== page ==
Take a look at the stat line for any model in Warhammer 40k, and you'll see that they will have a load of numbers. These numbers will show you just how good a model is at doing something, and as a rule of thumb, higher numbers means increasing competence.

We'll be looking at one number today, because it's a nice little entry to how the game mechanics, and thus the mechanics of the universe of 40k, are more accessible than you might think.

We'll be looking at how good a model is at shooting. Otherwise known as its Ballistic Skill, or BS.

Some of you are snickering, now. Stop that.

The BS (stop it...) shows how accurate a model is with a ballistic weapon, or a gun, and follows the rule of thumb above that larger numbers are better. It's used during the To Hit roll of the shooting phase, and is generally done per model.

The To Hit roll for each ballistic skill is shown in the below table, with re-rolls being the second number:

Which is interesting, and indicates likelihood of hitting the target rather easily, at least between BS 1 and 5.

For that we need to know what a 6+ roll actually means.

Remember, 40K is based off of a d6, or a 6-sided dice. When we have a 6+, it means we're trying to get a 6 or higher on that dice.

Higher than a 6 on a d6 is not possible.

Simple probability now: what is the possibility of getting a 6 on a 6-sided die?

1/6

For a 5+ To Hit roll, we have two options: either rolling a 5, or rolling a 6 for success. That's 2 sides out of the 6 that wins us a hit.

i.e. 2/6

I'm going to show these probabilities underneath the BS so you can see the pattern emerging.

We'll be looking at one number today, because it's a nice little entry to how the game mechanics, and thus the mechanics of the universe of 40k, are more accessible than you might think.

We'll be looking at how good a model is at shooting. Otherwise known as its Ballistic Skill, or BS.

Some of you are snickering, now. Stop that.

The BS (stop it...) shows how accurate a model is with a ballistic weapon, or a gun, and follows the rule of thumb above that larger numbers are better. It's used during the To Hit roll of the shooting phase, and is generally done per model.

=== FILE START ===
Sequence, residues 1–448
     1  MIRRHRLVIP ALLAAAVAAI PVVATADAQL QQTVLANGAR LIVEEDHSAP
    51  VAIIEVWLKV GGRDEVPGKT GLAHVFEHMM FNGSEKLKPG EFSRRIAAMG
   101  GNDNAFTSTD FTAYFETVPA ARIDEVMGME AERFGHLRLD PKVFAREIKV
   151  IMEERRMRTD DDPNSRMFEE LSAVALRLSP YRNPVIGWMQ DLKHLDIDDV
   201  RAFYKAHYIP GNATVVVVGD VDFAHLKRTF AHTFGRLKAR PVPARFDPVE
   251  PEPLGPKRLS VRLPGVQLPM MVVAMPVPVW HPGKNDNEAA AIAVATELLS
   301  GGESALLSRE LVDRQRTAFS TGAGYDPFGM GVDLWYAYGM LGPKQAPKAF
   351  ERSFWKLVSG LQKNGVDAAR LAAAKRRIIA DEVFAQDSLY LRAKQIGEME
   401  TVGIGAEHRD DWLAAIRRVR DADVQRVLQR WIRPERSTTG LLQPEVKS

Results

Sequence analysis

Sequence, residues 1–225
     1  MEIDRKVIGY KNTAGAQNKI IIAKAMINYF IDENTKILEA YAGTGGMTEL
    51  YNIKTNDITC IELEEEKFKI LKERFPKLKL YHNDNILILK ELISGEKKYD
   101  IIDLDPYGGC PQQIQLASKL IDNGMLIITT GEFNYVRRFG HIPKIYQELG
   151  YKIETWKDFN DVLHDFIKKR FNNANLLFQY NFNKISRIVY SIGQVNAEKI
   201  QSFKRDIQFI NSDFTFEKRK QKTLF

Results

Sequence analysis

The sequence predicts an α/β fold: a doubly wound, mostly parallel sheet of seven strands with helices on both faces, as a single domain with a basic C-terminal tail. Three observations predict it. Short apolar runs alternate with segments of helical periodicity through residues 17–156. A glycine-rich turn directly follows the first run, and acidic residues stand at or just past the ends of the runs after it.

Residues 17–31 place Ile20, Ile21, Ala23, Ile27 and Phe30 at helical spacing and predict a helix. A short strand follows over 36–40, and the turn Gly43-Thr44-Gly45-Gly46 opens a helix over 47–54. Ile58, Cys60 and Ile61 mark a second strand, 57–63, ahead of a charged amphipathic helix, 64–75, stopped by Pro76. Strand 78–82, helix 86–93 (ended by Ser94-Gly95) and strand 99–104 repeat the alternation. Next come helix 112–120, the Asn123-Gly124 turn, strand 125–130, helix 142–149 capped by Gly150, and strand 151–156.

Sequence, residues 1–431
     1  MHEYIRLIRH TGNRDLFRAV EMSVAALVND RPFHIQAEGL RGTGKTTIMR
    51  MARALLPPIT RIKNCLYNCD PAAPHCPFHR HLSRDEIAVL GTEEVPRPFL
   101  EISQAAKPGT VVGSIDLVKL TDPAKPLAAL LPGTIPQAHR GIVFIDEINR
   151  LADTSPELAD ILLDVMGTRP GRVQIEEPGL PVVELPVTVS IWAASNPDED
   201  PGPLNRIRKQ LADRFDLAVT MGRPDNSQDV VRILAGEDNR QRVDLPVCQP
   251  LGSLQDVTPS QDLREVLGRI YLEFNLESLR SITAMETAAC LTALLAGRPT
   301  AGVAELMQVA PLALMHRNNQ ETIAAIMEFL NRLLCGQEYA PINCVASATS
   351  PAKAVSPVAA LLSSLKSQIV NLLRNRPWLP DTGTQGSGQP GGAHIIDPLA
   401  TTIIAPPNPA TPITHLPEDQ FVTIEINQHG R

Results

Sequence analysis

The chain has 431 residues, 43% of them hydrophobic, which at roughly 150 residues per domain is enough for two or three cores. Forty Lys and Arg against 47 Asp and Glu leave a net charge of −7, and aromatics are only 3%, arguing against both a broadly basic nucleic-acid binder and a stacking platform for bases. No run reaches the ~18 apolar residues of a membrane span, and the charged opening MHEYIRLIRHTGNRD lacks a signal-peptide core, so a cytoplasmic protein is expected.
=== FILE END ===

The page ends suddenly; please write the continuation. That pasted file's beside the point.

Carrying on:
The To Hit roll for each ballistic skill is shown in the below table, with re-rolls being the second number:

Ballistic skill | 1 | 2 | 3 | 4 | 5 | 6 | 7 | 8 | 9 | 10 |

To hit | 6+ | 5+ | 4+ | 3+ | 2+ | 2+6+ | 2+5+ | 2+4+ | 2+3+ | 2+2+ |

Which is interesting, and indicates likelihood of hitting the target rather easily, at least between BS 1 and 5.

For that we need to know what a 6+ roll actually means.

Remember, 40K is based off of a d6, or a 6-sided dice. When we have a 6+, it means we're trying to get a 6 or higher on that dice.

Higher than a 6 on a d6 is not possible.

Simple probability now: what is the possibility of getting a 6 on a 6-sided die?

1/6

For a 5+ To Hit roll, we have two options: either rolling a 5, or rolling a 6 for success. That's 2 sides out of the 6 that wins us a hit.

i.e. 2/6

I'm going to show these probabilities underneath the BS so you can see the pattern emerging.

Ballistic skill | 1 | 2 | 3 | 4 | 5 | 6 | 7 | 8 | 9 | 10 |

To hit | 1/6 | 2/6 | 3/6 | 4/6 | 5/6 |

Can you see it now? Your BS basically tells you how many shots are actually going to hit their target. If you keep your squads in multiples of 6, you can always work out easily how accurate they will be. ie. 6 models with BS 1 fire at a target. The likelihood is that only 1 will hit. 6 Guardsmen at BS3 fire at a target. 3 will hit. 6 Dire Avengers in formation at BS5. All but one are going to hit (meaning 10 hits with their nasty catapults!) This pattern falls down a bit for BS 6-10, so we're look at those values next time (although I strongly suspect a similar pattern will emerge). But it's just nice to see the glaringly obvious in the assigned numbers to these models. I'll also be looking at Twin-linking, and effective BS. Because Space Marine bikers are not BS4 with their bolt guns. |

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